LiveArt After Action Report: The Macklowe Collection Sale, part 2 (Sotheby’s New York)
A breakdown of the second half of the Macklowe Collection at Sotheby's plus need-to-know lots from Rothko to Koons and the state of global bidding
The Bullet: $246,087,500 with 100% sold (30/30) with a hammer ratio of 1.24
Composition of Results: 30% above/ 60% within/ 10% below estimates
The average lot value for the entire Macklowe collection was $14.2 million. In tonight’s lower value sale the average lot value was $6.96 million and the median price was $5 million. To see more stats from tonight, click here.
The Macklowe Collection is the world’s most valuable single-owner sale at $922.2 million: As he did after the blowout success of last November’s $676 million sale, Harry Macklowe took a victory lap tonight when it was revealed that the combined sale had reached nearly a billion dollars. Sotheby’s Mari-Claudia Jimenez pointed out that the collection had two works over $70 million; 4 works above $50 million; 14 works above $20 million; and 20 works that sold for more than $10 million. Macklowe demurred that the money was hardly as important as the “quality of the works being recognized by other collectors'' which he described as the “greatest payback and gratification.” Absent from the commentary was Linda Macklowe whose eye has been universally credited for guiding the collection.
“A perfect three-engine market”: That’s how Gregoire Billault described the presence of bidders from 30 countries across North America, Europe and Asia. He would know. His client bought Mark Rothko’s untitled work for $48 million after being pushed by an Asian underbidder. A large Warhol fright wig sold to an Asian collector for $18.7 million which is substantially below what three similar large fright wigs previously made.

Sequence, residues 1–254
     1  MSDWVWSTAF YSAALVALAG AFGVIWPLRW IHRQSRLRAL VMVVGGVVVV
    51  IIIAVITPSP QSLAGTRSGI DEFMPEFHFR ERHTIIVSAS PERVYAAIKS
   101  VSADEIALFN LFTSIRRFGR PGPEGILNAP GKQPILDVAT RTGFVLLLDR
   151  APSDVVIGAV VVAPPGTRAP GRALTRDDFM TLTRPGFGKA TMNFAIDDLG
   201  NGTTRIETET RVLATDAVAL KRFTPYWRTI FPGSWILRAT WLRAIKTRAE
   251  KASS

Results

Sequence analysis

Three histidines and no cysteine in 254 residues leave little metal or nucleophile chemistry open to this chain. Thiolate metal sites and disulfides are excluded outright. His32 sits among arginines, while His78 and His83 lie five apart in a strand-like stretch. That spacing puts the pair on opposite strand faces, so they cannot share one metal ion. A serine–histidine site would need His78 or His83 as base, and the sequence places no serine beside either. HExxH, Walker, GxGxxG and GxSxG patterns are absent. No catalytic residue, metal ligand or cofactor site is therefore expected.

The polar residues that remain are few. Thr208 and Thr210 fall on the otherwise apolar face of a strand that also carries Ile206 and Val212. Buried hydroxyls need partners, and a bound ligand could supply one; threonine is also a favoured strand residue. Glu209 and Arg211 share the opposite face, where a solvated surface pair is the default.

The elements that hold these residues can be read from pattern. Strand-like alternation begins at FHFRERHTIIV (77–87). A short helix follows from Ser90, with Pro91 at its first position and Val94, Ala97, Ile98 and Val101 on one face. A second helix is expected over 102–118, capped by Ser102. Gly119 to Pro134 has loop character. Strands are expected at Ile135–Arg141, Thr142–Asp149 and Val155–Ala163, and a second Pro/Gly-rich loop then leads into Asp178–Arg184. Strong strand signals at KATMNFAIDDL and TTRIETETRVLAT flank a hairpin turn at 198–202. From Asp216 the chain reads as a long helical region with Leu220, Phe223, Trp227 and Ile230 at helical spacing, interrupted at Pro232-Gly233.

“The state of the market is bullish for the right objects.” Auctioneer Oliver Barker was sure to talk up the broader health of the art market after the Macklowe sale but, as was seen the previous week with the Bass works, buyers believe the right works are also works previously owned by well-respected collectors. Brooke Lampley added that the market strength was based upon the “titans of art history” and that “geopolitics doesn’t affect quality,” meaning buyers would always be there for the best works.
The auction was very well managed: Despite having covered the guarantee with the first part of the Macklowe sale, Sotheby’s team was cautious with estimates and somewhat liberal with irrevocable bids. Barker announced at the beginning of the sale that more than a quarter of the sale was covered by third-party guarantees. In many cases that proved the smart move in getting the works sold. In a small number of cases, Sotheby’s found a buyer for works below the estimate level. Sotheby’s team priced most of the works exactly where the market is right now.
For certain works, the bidders came out: Sigmar Polke, whose work often struggles at auction, was the focal point for a number of bidders. Sotheby’s had taken an irrevocable bid on one of the Polkes. But both works saw deep bidding to $6 million sale prices. The two Agnes Martin works were bid upon by a couple in the room who lost out on Early Morning Happiness when it was bid to an $8.3 million hammer price over a $2.5 million low estimate. Undeterred, the same couple bought #11 for a $6.4 million premium price which was much closer to the $4 million low estimate. The two surprise lots of the evening were Roy Lichtenstein’s Mirror #9 which surpassed Mirror #1 (sold in November for $4.6 million) to make $6 million and Willem de Kooning’s untitled work from 1961 which saw six different bidders chase to a final price of $17.8 million.
Other results remain a mystery: An example of Jeff Koons’s seminal vacuum cleaners sold for the low estimate at $4.4 million. But the porcelain work Popples that the Macklowes acquired in 1989 and is one of an edition of three works sold for twice the low estimate to make $3.9 million.
View the results in full here.